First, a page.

P4 FARM GATE NEWS: The Farmer’s Newsletter

They had to call the Flying Doctor to Jervois Station when the manager’s son got hit in the face by a piece of a wood that broke off as his dad was trying to pull a stump out. His face was badly smashed up. The station manager’s wife called the Flying Doctors and told them to bring their light air-craft, but when they arrived it was in their big plane. The airstrip was soft and the plane got badly bogged. It took two weeks before they could get it out. “They were lucky they stopped where they did,” says Rob, “because they only had a matchbox distance between the propeller and the ground.” “Any further and they’d have lost the propeller.”

Bath Time Luxury Tracie adds another one about bath time at Jervois. They had what they called a “Jinny”. It was a 44 gallon drum, set up inside a bricked in area. They’d light a fire under the 44 to warm the water in it … and then jump in! “And that was only back in about 1980-1984,” adds Rob. “It was 1984 before we got an electric hot water system.”

“Farmer Wants A Wife” Races Rob met his wife Tracie at the Hart’s Range Races – about 140km out of Alice on the Plenty Highway. Rob had carted a load of horses into Alice Springs from Jervois. His sister, brotherin-law and nephew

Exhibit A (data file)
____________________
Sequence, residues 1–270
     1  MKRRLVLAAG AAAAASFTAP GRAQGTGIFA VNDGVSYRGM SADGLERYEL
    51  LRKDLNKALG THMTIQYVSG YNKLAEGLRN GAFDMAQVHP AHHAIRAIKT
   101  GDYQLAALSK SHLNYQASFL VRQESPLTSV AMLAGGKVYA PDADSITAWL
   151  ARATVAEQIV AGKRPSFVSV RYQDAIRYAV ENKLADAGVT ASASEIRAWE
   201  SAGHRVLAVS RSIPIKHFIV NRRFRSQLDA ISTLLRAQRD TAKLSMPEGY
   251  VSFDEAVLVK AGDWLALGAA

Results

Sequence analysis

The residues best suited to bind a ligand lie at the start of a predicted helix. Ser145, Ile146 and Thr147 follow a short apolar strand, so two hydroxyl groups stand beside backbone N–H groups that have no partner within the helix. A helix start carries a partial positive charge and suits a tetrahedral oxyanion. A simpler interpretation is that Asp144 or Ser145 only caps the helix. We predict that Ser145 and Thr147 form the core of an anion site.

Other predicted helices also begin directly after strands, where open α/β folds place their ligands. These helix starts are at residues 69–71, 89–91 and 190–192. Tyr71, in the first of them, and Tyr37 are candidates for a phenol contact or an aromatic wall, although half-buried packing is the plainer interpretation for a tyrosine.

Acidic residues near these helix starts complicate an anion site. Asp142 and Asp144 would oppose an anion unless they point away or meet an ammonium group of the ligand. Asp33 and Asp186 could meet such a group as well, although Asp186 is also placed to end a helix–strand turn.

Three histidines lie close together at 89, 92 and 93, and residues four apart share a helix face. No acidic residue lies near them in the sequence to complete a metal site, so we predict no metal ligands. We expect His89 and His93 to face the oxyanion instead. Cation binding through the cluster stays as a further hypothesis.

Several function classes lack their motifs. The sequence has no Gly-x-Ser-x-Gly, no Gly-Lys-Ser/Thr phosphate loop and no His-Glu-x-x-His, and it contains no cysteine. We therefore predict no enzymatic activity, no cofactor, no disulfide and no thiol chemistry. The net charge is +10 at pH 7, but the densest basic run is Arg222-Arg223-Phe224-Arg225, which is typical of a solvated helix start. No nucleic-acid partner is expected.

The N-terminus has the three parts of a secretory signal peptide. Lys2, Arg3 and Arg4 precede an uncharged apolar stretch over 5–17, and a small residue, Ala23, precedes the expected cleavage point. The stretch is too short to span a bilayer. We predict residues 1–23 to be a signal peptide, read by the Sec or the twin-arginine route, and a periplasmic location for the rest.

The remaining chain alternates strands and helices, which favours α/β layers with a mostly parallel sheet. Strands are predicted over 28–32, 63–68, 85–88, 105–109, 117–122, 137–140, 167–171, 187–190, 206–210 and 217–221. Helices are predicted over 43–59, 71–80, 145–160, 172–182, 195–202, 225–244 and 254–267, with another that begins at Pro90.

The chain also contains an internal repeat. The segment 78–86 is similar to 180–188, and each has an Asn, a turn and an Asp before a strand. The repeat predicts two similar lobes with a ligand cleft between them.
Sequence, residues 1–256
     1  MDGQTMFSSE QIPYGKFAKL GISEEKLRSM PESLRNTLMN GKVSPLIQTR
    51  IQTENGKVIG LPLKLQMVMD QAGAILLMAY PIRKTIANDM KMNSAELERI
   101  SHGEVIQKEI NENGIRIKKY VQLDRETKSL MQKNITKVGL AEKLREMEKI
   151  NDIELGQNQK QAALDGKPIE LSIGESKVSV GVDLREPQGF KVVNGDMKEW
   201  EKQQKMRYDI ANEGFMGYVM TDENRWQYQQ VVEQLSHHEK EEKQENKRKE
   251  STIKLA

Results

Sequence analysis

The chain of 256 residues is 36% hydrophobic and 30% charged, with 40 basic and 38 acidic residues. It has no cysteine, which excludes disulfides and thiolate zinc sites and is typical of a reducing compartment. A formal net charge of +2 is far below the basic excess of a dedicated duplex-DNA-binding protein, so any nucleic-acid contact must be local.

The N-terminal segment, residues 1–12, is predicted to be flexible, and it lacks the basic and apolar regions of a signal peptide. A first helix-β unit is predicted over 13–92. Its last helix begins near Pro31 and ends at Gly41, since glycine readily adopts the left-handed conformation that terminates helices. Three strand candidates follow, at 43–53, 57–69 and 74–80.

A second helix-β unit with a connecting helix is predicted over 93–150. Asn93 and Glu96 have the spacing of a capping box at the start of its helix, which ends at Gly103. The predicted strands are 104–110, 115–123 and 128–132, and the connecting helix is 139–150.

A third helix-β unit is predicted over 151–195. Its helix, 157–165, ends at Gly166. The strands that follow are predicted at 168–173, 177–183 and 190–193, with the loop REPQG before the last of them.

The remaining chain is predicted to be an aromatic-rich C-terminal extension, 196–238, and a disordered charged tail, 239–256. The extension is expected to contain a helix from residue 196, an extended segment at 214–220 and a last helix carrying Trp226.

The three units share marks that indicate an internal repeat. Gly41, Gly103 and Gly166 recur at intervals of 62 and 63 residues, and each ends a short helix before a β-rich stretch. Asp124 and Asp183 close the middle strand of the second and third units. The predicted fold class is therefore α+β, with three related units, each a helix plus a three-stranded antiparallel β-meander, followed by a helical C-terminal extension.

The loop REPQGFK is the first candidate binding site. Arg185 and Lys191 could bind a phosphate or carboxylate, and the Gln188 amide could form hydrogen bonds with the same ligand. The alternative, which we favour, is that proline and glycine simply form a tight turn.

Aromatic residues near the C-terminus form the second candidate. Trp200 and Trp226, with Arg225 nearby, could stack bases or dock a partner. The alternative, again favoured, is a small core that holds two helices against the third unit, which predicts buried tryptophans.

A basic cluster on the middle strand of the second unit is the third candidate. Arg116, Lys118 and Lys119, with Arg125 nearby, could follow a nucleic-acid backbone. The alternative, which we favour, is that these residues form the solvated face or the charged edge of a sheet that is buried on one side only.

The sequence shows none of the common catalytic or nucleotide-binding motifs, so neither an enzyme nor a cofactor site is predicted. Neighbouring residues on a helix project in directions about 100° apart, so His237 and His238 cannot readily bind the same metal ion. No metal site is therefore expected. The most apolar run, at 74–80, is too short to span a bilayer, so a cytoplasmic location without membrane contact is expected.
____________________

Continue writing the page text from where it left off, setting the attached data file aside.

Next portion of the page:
Oats! Quality is like Buyienag Fair and Good Quality Oats ar Oats that have Reasonable Price… horse however passed through thAe lo t Cheaper! are, of course,

Rob Broad’s big new Grant Sheds machinery shed at Keyneton. The shed is 24m x 42m x 5.1m, with 6m bays and heavy duty sliding doors (on the other side) for the greatest protection against our harsh Aussie weather and from thefts. were with him in the truck and they all debated whether to go to the races or not.

the way, Snowy Meiers has Grant Sheds farm sheds on his farms too.

Tracie was a nurse at the Alice and, with a group of friends, they were also deciding whether to attend. Both groups did go and that’s where Rob and Tracie met … at the Harts Range Ball. “Well actually it was held in a tin-shed, on a concrete floor,” laughs Rob and then adds, “ Three of the nurses actually met their husbands that night and Tracie was one of them.”

Rob & Tracie’s daughter Alicia is in Alice Springs where her husband drives Tanami triple cattle crates, and their youngest son, Tom, works for an earthmoving company in Jamestown.

And to add just a few more stories from Rob’s father’s lifetime: “Dad used to go out dancing. There’d be a whole heap of blokes take off in his old Model T that they used to have the crutching plant on. He used to go crutching all up through the bush and then they’d go out in it on Saturday nights.” Rob reminisces.